Liberal-left forces in the West did not recognize the white supremacist implications of aligning themselves with their bourgeoisie against nations in the Global South justified by the dubious position that white supremacist elites in the West were concerned about human rights and democracy in those nations.

It simply did not dawn on them that the “autocratic” rulers to be deposed were usually in nations that were attempting to resist complete domination by the U.S. and its European allies. From Cuba, Iraq, Libya, Syria and Iran to North Korea and Venezuela, subversion, direct military interventions, proxy wars, and sanctions were all deployed to “save” the people from their oppressive rulers. And it did not matter if tens of thousands died from the wars and sanctions that denied population medicines, the white West determined in their privilege and safe capitals thousands of miles away that these losses were acceptable collateral damage to preserve democracy and “human rights.”

The Imperative to Decolonize Human Rights

Oppressed people, whatever their level of formal education, have the ability to understand and interpret the world around them, to see the world for what it is, and move to transform it. ~Ella Baker

This cynical ideological manipulation of liberal human rights is the reason so many around the world turned away from using this framework. Yet, from W.E.B. Dubois and Claudia Jones through to Malcolm X, the Black Panthers and on to the Mississippi Workers Center for Human Rights of today, the radical Black movement still frames crucial elements of the struggles being waged by Africans within the vocabulary of human rights. Are Africans in the U.S. mistaken by using terms like human rights or are we operating from a different framework?

I have argued that from the moment that Black activists first articulated a position on human rights in 1945 that made the fundamental connection between the need to eradicate racial oppression and exploitation in the U.S. and European colonialism as a prerequisite for the realization of human rights, we were operating from a different framework: a framework I labeled as a “People(s)-Centered Human Rights (PCHRs) framework.

The assumption of the PCHRs frame is simple and clear. If human rights are to have any relevance for the oppressed, they must be “de-colonized” and given meaning by the oppressed themselves.

And what are People(s)-Centered Human Rights (PCHR)?

The PCHR framework does not pretend to be non-political. It is a political project in the service of Africans and the colonized working classes, peasants, and socially oppressed.

They are “those non-oppressive rights that reflect the highest commitment to universal human dignity and social justice that individuals and collectives define and secure for themselves through social struggle.”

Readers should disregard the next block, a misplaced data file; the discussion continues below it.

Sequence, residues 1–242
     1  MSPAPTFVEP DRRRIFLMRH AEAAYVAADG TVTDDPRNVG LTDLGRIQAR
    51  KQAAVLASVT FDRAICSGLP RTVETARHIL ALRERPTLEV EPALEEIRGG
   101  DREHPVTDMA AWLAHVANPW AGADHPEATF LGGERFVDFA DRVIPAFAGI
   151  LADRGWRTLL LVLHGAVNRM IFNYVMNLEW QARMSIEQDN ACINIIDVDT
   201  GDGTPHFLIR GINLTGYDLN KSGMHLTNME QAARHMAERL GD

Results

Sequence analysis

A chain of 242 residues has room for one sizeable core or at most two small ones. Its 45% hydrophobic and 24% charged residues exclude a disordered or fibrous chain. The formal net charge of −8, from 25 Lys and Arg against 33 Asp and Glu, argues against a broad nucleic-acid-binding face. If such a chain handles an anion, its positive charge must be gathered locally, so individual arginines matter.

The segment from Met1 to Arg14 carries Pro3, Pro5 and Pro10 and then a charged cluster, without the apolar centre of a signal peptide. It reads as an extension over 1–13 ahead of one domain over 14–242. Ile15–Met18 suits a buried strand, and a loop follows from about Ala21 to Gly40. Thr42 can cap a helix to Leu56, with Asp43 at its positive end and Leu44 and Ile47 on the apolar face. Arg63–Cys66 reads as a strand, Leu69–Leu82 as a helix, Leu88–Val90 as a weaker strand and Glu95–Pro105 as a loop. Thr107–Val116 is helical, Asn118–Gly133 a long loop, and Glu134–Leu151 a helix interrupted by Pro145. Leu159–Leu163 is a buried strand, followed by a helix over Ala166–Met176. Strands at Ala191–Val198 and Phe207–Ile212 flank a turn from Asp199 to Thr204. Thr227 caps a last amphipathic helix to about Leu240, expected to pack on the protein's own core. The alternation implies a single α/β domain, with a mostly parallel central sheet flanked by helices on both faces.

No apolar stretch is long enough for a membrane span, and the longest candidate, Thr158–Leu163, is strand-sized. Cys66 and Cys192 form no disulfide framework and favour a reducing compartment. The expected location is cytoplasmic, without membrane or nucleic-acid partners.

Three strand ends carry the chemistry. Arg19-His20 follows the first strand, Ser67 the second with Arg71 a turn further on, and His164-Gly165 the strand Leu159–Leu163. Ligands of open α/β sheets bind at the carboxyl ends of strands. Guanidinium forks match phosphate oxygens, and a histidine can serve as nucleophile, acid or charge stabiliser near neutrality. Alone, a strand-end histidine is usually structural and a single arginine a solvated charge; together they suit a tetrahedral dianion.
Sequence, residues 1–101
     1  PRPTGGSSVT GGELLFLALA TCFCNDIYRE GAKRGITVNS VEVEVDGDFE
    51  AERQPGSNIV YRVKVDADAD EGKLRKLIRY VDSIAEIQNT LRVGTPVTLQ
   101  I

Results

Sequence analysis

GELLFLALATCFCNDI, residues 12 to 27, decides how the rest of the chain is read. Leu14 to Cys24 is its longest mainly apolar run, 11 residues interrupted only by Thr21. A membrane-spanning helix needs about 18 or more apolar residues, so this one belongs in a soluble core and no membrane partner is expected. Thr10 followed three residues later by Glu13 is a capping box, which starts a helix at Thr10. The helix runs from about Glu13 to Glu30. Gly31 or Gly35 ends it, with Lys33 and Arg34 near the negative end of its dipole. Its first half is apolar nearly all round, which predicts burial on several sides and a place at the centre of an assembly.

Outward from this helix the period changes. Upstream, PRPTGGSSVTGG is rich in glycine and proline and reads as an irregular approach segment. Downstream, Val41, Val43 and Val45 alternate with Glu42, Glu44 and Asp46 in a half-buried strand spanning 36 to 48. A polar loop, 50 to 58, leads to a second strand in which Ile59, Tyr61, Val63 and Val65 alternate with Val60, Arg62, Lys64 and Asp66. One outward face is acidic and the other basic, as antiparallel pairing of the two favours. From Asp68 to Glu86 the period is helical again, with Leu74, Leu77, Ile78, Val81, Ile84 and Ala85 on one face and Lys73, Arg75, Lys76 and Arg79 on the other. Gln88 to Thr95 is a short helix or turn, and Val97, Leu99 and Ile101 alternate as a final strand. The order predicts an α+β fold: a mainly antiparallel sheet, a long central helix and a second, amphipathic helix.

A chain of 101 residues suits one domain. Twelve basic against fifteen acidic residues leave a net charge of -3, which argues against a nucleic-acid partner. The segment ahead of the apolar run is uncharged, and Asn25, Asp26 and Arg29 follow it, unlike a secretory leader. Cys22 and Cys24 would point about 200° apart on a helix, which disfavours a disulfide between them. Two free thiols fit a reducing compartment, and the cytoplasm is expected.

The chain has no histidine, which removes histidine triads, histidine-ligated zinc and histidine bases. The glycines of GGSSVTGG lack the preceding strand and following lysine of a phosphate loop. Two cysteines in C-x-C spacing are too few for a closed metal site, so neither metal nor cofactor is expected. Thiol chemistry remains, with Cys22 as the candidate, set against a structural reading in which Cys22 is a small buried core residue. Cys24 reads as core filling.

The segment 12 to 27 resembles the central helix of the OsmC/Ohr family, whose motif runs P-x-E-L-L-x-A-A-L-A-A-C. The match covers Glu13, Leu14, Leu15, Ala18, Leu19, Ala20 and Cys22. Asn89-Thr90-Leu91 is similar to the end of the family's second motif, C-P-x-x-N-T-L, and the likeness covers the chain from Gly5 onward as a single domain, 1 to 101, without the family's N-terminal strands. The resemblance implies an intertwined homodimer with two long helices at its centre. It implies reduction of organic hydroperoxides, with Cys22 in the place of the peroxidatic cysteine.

This definition is a description of a process and an ethical framework as opposed to a pre-figured list of items defined as representing human rights. This is one of the key differences between the liberal framework and PCHRs. The PCHR approach asserts that human rights must be created from the bottom-up. 

The PCHR framework rejects the idea that human rights only emanate from legalistic texts negotiated by states, as important as some of the principles represented in some of the texts. PCHRs are a creation of struggle and emerge from the people in formation. Unlike the liberal frame that elevates mystical notions of natural law (which is really bourgeois law) as the foundation of abstract rights, the “people” in formation create the ethical foundation and are the source of PCHRs.

The process is open-ended. It is informed by the needs and aspirations of the oppressed and serves as both a counternarrative to the ideological and cultural hegemony of capital and a guide to action. It is based on the assumption that a set of “human rights” can only emerge as part of a de-colonial liberatory process.

The people-centered framework proceeds from the assumption that the genesis of the assaults on human dignity that are at the core of human rights violations is located in the ongoing structural relationships of colonial/capitalist oppression. Therefore, the PCHR framework does not pretend to be non-political. It is a political project in the service of Africans and the colonized working classes, peasants and socially oppressed. It names the enemies of freedom: the Western white supremacist, colonial/capitalist patriarchy.

So, we are not confused by or distracted by the clownish antics of Joe Biden with his democracy summit or surprised that the flaccid reforms of the “Build Back Better “legislation were whittled down and then emptied of content. The bourgeoisie is clear and quite serious about the class war that they are waging.

That is why we must be clearer and more determined. Our lives and the planet depend on whether or not we are able to defeat the Pan European white supremacist colonial/capitalist patriarchy that would rather destroy the world than surrender power.

Defeat, therefore, is not an option.

The realization of authentic freedom and human dignity can only come about with this victory. With PCHRs, we have an ideological weapon. A weapon that envisions, centers, and legitimizes the understanding that it is only through social revolution that human rights can be realized.


Our work is licensed under Creative Commons (CC BY-NC-ND 3.0). Feel free to republish and share widely.
Ajamu Baraka

Ajamu Baraka

Ajamu Baraka was the 2016 candidate for vice president on the Green Party ticket. He is an editor and contributing columnist for the Black Agenda Report and contributing columnist for Counterpunch magazine.  His latest publications include contributions to Killing Trayvons: An Anthology of American Violence (Counterpunch Books, 2014), Imagine: Living in a Socialist USA (HarperCollins, 2014) and Claim No Easy Victories: The Legacy of Amilcar Cabral ( CODESRIA, 2013). He can be reached at www.AjamuBaraka.com